Austin leaders announced a partnership Monday morning between the city and Colorado-based nonprofit Rocky Mountain Institute to develop “innovative mobility solutions” to the transportation woes that frustrate many Austinites. Jeruld Weiland, managing director of RMI’s Mobility Transportation program, told those packed into the City Hall atrium that the initiative will involve a multifaceted approach to mobility enhancements that includes integrated smartphone apps and payment systems, vehicle electrification, traffic data analysis and more. “With this three- to five-year time frame, we can…

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TCEQ grants permit to take land for private developer despite judge’s ruling

TCEQ grants permit to take land for private developer despite judge’s ruling

  • September 18, 2015
  • News

The Graham family can never seem to cut a break from big government. The Texas Commission on Environmental Quality (TCEQ), the state agency that grants wastewater permits, approved a permit for the neighboring developer of Johnson Ranch in spite of the fact that Administrative Law JudgeSarah Ramos, who heard the Graham’s case in a contested case hearing, ruled that the permit should be denied. Allowing the developer to dump its treated sewage onto the Graham’s property means they’ll lose that…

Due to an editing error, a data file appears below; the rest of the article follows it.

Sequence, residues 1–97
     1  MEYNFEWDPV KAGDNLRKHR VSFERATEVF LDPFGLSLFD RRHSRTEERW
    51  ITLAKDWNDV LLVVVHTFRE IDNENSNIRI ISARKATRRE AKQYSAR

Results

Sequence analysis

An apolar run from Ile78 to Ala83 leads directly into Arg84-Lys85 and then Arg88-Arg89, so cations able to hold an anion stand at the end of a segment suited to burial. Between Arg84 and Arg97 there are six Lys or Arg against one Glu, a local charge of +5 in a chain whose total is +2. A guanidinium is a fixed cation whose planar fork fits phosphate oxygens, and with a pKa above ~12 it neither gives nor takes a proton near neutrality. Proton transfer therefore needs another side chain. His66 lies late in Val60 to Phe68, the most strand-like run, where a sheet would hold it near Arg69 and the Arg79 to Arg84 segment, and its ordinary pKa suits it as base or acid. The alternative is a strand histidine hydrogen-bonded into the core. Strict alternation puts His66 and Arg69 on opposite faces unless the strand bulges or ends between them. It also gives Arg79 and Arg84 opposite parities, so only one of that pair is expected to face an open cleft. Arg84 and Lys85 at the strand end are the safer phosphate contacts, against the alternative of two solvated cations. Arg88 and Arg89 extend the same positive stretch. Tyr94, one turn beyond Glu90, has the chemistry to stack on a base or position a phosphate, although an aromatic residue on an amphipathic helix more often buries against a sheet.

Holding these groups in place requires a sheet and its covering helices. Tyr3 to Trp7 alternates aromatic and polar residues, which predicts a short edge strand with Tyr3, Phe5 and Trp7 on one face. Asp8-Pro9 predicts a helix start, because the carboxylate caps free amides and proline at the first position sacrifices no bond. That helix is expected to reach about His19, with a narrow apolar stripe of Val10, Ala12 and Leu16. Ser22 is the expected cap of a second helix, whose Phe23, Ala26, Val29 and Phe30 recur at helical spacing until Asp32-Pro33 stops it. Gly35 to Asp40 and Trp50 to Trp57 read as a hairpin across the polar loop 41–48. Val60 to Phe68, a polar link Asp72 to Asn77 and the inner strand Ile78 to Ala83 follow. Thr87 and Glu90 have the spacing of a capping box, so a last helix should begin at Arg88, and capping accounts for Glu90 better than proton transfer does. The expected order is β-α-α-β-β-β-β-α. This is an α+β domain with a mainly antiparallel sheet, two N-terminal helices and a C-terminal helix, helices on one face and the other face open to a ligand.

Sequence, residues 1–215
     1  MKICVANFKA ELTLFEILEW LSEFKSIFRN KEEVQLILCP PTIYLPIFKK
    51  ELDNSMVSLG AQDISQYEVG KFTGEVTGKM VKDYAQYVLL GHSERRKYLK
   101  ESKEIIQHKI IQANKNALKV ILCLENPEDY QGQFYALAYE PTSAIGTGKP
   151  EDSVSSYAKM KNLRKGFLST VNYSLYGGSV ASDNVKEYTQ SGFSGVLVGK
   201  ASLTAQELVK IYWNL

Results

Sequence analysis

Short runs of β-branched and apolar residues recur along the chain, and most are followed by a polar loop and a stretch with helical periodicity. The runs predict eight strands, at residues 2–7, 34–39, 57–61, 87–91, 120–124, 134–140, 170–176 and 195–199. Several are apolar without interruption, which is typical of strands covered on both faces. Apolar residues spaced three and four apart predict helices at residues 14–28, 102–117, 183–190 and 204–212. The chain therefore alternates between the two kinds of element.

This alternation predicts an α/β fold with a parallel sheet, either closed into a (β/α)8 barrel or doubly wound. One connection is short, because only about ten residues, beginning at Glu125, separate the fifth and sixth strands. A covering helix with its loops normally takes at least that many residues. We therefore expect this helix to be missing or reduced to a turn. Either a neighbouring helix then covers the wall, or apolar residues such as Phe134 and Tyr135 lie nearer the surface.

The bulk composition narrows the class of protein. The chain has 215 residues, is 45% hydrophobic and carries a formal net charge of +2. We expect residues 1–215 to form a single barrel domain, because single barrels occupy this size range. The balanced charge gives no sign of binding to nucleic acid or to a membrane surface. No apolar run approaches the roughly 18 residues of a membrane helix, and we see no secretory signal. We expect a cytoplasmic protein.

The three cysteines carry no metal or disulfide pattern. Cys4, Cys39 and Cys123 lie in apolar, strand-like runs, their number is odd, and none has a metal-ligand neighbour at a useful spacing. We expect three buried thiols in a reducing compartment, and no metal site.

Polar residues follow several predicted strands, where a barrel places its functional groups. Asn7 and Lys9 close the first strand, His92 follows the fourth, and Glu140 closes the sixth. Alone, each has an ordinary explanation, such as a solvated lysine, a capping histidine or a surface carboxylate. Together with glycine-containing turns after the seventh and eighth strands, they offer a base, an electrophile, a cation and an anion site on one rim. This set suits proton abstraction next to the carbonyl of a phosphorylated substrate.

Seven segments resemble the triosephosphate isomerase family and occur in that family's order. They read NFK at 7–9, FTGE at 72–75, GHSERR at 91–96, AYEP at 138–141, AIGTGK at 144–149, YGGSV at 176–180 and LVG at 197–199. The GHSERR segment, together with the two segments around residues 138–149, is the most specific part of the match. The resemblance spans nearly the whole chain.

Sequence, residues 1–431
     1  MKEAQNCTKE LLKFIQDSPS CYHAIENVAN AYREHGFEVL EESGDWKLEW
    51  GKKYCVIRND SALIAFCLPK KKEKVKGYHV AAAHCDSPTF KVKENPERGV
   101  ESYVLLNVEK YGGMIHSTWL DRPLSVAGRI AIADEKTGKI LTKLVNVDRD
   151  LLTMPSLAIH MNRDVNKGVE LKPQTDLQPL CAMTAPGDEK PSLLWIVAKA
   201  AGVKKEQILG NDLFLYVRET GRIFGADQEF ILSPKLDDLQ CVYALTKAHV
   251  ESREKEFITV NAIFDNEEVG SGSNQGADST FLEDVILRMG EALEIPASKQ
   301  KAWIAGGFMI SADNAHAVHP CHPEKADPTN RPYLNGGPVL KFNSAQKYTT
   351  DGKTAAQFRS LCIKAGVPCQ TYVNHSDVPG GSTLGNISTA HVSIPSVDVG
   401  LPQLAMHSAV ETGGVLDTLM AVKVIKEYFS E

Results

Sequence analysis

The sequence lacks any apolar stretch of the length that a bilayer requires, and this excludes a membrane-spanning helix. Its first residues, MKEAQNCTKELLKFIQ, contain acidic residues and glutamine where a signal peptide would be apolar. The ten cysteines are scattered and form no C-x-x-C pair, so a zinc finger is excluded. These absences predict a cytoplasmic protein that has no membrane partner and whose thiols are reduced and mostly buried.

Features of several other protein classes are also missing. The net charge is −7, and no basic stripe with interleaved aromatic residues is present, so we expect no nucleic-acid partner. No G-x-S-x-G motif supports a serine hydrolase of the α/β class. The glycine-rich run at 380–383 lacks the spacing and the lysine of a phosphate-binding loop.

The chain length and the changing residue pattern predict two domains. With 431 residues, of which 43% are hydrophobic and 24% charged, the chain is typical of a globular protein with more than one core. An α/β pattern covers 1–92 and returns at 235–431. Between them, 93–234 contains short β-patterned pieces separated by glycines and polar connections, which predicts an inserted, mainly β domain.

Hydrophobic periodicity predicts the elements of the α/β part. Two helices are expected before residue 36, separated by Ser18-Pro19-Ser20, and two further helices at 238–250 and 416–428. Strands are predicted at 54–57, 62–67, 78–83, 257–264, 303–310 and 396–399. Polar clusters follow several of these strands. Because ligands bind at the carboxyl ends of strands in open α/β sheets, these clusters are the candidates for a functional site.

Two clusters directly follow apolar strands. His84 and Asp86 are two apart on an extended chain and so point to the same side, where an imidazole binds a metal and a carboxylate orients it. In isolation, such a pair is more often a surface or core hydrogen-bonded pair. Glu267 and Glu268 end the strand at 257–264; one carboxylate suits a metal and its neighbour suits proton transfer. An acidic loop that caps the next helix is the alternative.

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House Committee Holds Medina County Hearing For CWD Update

House Committee Holds Medina County Hearing For CWD Update

  • September 17, 2015
  • News

Colleen Schreiberm Livestock Weekly: The Texas House Committee on Culture, Recreation and Tourism conducted another special hearing to address the chronic wasting disease issue. This one was not held at the Capitol, however, but in Medina County, where four deer in a breeder facility are now known to have tested positive for CWD. Dr. Dee Ellis, state veterinarian and executive director of the Texas Animal Health Commission, offered an update on the ongoing investigation. TAHC’s goald, he told the committee,…

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Photo Contest Winners Announced!

Photo Contest Winners Announced!

  • September 9, 2015
  • News